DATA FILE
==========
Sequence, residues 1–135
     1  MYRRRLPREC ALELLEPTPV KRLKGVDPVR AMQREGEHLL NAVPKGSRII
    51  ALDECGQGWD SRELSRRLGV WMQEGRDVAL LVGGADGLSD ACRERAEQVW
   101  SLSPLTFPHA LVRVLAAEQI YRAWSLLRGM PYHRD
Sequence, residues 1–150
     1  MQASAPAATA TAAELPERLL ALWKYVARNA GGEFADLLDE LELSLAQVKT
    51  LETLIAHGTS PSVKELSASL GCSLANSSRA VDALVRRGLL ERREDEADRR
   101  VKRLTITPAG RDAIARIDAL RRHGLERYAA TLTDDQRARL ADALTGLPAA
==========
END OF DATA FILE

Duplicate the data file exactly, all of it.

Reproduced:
Sequence, residues 1–135
     1  MYRRRLPREC ALELLEPTPV KRLKGVDPVR AMQREGEHLL NAVPKGSRII
    51  ALDECGQGWD SRELSRRLGV WMQEGRDVAL LVGGADGLSD ACRERAEQVW
   101  SLSPLTFPHA LVRVLAAEQI YRAWSLLRGM PYHRD
Sequence, residues 1–150
     1  MQASAPAATA TAAELPERLL ALWKYVARNA GGEFADLLDE LELSLAQVKT
    51  LETLIAHGTS PSVKELSASL GCSLANSSRA VDALVRRGLL ERREDEADRR
   101  VKRLTITPAG RDAIARIDAL RRHGLERYAA TLTDDQRARL ADALTGLPAA